James Madison University professor Ken Rutherford has written a book about Civil War landmines.
He's seen here at Cross Keys battlefield in Virginia's Shenandoah Valley.

Guest: Jim Kay on the Battle of Nashville (June 25, 2020)

Kay, a longtime student of the Dec. 15-16, 1864, battle, talks about the role of the U.S, Colored Troops, the fight at Peach Orchard Hill, key remaining battlefield sites and more. (Length: 38 minutes) LISTEN

Guest: Ken Rutherford on Civil War landmines (June 23, 2020)

The James Madison University professor talks about his recently released book, America’s Buried History / Landmines in the Civil War, his efforts to ban mines and his association with Princess Diana. (Length: 48 minutes)

Guest: Brian Downey of The Battle of Antietam on the Web (April 30, 2020)

We talk about his 24-year-old web site, the deepest and best of its kind. It includes thousands of soldier bios, battle maps, a blog and much more.  (Length: 49 minutes)

Guest: Rich Condon of Civil War Pittsburgh (Dec. 6, 2019)

We talk about the 1862 Allegheny Arsenal explosion, forts in Pittsburgh, human interest stories, Mr. Rogers (!) and whiskey. Always whiskey! (Length: 47 minutes)

Guest: Harry Smeltzer of Bull Runnings Blog (Aug. 26, 2019)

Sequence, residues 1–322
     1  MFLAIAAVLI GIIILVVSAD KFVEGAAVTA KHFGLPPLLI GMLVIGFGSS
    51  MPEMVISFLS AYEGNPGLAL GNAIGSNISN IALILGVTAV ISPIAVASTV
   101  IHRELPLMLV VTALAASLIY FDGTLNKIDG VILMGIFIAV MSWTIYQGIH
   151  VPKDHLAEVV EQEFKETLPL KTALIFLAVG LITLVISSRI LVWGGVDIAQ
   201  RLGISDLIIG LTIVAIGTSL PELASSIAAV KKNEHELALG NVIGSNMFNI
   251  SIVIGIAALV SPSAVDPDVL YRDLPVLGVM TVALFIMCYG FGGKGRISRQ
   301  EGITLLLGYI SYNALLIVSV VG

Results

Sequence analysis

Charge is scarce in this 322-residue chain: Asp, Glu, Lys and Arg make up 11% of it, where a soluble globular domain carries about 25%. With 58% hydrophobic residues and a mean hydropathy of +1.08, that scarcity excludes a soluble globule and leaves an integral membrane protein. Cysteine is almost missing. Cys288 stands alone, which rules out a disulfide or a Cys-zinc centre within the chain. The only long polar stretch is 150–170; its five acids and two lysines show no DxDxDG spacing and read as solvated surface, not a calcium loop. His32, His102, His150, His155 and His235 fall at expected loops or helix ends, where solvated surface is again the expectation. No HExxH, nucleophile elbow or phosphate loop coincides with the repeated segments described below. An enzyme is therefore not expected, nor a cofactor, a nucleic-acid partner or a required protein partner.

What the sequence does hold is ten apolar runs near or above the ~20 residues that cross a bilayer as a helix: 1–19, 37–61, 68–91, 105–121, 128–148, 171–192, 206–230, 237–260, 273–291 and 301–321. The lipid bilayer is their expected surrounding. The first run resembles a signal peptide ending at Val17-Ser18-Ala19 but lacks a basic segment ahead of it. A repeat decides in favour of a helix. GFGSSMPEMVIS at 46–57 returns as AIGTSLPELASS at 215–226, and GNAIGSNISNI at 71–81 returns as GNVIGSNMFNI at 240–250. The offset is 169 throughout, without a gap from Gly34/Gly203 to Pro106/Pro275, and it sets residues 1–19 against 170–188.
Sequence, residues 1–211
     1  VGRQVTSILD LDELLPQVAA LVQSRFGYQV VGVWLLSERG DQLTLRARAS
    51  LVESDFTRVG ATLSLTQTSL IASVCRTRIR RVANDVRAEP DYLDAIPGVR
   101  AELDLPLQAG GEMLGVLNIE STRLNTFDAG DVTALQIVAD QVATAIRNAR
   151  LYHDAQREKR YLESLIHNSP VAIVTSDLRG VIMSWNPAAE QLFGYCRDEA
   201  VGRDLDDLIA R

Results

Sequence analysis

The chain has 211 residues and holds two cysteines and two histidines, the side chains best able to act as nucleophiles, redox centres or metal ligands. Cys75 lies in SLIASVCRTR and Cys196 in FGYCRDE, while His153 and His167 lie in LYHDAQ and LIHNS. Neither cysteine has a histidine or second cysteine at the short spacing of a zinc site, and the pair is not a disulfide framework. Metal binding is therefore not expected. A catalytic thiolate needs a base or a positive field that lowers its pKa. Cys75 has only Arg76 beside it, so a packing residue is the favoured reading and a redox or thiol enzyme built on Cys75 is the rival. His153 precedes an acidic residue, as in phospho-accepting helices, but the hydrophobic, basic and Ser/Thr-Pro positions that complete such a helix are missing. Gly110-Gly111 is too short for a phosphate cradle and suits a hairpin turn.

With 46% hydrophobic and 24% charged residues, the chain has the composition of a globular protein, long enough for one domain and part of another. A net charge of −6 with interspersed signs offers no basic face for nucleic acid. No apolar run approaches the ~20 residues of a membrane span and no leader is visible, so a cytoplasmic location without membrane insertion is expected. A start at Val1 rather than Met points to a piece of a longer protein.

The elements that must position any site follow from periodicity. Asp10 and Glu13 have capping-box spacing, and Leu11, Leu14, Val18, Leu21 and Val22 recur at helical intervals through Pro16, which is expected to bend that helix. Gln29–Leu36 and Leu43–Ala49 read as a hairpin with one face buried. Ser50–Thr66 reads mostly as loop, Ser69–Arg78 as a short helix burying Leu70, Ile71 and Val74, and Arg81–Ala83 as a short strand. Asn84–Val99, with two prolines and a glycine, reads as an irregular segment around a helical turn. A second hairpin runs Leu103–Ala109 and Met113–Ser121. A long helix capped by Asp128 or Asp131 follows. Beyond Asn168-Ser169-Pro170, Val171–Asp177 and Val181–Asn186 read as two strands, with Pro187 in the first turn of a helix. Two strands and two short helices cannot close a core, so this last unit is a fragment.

Smeltzer talks about Bull Runnings, a journal of the digitization of a Civil War battle, and his fascination with the First Battle of Bull Run. Smeltzer, from the Pittsburgh area, is a board member of the Save Historic Antietam Foundation. (SHAF). (Length: 45 minutes)

Guest: Jake Wynn of Clara Barton Missing Soldiers Office (Aug. 6, 2019)

Wynn, director of interpretation at Clara Barton Missing Soldiers Office and Museum, discusses the Washington D.C. museum, Antietam and more. (Length: 51 minutes)

Debut podcast! John Banks on Ford's Theatre disaster, more (Aug. 2, 2019)

When rescue workers first arrived at Ford's Theatre after a section of the three-story building collapsed, they were struck by the eerie silence. Then the men began a frenzied search for survivors and the grim task of removing the dead. In all, 23 workers inside the building, including Civil War veterans, died in the June 9, 1893, tragedy. (Length: 32 minutes)

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